‘My clothes are me. I’m not myself.’

An, 21

An is originally from Hanoi, Vietnam, but moved to Brighton two years ago for university, taking a five-year detour via Singapore en route. The outfit they brought with them to their interview consists of a satin coat by Olivier Theyskens with ruched shoulders and panel detailing, worn usually by An as a dress with nothing underneath but a tight top and a pair of ballet shoes. An bought the coat-come-dress, a collectors’ item from 2001, in 2016 – a time when they first began gaining the confidence to wear clothes that reveal a lot of their body. Debuted at a friend’s birthday party, this piece marks a very important and pivotal moment in An’s life, they explain.

An initially began expressing their identity in their first year at the University of Brighton with delicate fabrics such as satin, crepe and fine knits, before moving on to more obviously, traditionally feminine styles (balloon sleeves, dresses, high waists, etc.) The freedom to experiment with light, soft pieces was a relief after life in Southeast Asia, where heavy garments are traditionally employed to assert masculinity.

‘I don’t think I started exhibiting queer until I got to Brighton. It’s the first safe place I’ve had. I’ve got a close circle of friends so as that started to develop, I’d exhibit more and non-conform.’ An recalls the school dress codes in Singapore and the way in which gender is still heavily policed. ‘It’s frowned upon to be out-there.’ Whilst An has always known they were queer, they would never admit to their friends in Singapore that they are gay. ‘They haven’t even lifted the ban on homosexual sex yet, so to keep it safe I stayed low-key. My parents still don’t know I’m gay.’

An draws huge inspiration from actress, model and fashion designer Chloë Sevigny, fashion writers like Alexander Fury and Sarah Mower, and designers who push a queer aesthetic, such as Gypsy Sport. An aims carefully for a queer aesthetic in order to communicate their non-binary identity to save themselves from having to explain it, or offer it as a prerequisite, over and over again. ‘In a way I dress to filter out people. In dressing yourself provocatively towards the non-binary you get the sense that people who are not supportive or not understanding of queer looks will stay away from you – and you think “Good, stay that way”. Then you’re actually just stuck with the people who you enjoy.’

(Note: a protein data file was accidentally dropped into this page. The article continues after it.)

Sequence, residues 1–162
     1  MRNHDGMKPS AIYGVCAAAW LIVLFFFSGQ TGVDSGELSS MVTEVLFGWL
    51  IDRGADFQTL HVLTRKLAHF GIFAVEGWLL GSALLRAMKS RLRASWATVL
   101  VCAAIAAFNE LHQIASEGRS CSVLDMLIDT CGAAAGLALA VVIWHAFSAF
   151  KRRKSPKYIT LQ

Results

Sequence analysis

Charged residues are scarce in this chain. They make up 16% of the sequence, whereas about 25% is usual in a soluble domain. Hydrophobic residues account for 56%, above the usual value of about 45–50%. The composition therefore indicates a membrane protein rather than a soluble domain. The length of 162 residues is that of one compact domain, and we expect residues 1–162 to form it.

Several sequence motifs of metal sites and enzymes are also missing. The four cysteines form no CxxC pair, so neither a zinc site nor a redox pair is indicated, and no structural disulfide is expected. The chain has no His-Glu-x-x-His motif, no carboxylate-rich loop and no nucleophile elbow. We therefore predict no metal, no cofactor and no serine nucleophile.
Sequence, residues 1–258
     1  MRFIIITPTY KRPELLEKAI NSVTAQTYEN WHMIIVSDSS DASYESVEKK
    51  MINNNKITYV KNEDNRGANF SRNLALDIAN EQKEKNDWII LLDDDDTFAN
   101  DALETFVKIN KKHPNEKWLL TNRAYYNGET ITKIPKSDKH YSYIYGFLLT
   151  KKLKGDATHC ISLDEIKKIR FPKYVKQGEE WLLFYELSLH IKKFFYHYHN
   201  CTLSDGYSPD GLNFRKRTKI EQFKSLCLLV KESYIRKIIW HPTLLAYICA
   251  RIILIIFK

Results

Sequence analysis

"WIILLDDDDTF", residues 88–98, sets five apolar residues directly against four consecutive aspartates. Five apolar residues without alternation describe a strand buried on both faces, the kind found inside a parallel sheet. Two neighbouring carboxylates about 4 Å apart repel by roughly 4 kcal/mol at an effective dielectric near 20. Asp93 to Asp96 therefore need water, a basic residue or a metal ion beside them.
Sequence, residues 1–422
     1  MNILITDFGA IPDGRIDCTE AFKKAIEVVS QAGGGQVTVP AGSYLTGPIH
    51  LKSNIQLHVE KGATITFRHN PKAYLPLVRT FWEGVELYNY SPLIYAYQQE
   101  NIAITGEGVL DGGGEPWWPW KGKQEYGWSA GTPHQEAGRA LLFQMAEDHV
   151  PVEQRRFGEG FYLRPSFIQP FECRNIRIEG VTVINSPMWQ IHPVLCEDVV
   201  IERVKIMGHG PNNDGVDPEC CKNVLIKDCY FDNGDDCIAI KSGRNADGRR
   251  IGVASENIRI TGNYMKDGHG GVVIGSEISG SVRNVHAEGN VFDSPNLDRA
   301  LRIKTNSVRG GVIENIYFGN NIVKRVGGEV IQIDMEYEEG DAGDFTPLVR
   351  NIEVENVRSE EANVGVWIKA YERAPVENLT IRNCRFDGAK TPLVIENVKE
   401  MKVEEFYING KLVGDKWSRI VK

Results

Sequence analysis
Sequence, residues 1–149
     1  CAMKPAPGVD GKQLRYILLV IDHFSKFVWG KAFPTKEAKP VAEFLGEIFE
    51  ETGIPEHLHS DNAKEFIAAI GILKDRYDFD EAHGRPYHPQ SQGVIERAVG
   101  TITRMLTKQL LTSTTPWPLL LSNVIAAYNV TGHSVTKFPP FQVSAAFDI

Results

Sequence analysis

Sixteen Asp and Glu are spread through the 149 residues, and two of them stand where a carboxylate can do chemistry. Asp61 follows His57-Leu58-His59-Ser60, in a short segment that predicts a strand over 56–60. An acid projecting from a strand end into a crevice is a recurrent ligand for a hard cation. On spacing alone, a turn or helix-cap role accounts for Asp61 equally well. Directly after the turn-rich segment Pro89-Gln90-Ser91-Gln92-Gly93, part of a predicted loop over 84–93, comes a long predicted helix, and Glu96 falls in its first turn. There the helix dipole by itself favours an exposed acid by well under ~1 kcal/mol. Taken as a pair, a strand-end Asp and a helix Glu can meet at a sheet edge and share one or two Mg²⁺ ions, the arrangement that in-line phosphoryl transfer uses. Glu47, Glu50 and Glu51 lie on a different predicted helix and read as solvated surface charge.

And how does An feel walking the streets of Brighton in these ‘provocative’ ensembles? ‘In Brighton it’s cool,’ they shrug. ‘It definitely feels a lot safer. I wouldn’t do it when I visit my sister in Guildford, or even in London.’ An believes this is a shame – that nobody should ever have to consider whether or not they can ‘get away’ with dressing in a certain manner. ‘If you feel a certain way I think it’s always ideal that you can exhibit it. One way I can do that is through clothing because sometimes words are not enough.’

An’s feelings towards the gender spectrum vary from day to day. Sometimes they’ll opt for menswear, sometimes for womenswear, and sometimes for a ‘Frankenstein’s’ amalgamation of all of the above. ‘Because it’s so inconsistent, I don’t ever feel as though it’s adequate enough for me to explain for someone the definition of non-binary.’ That’s where clothes help.


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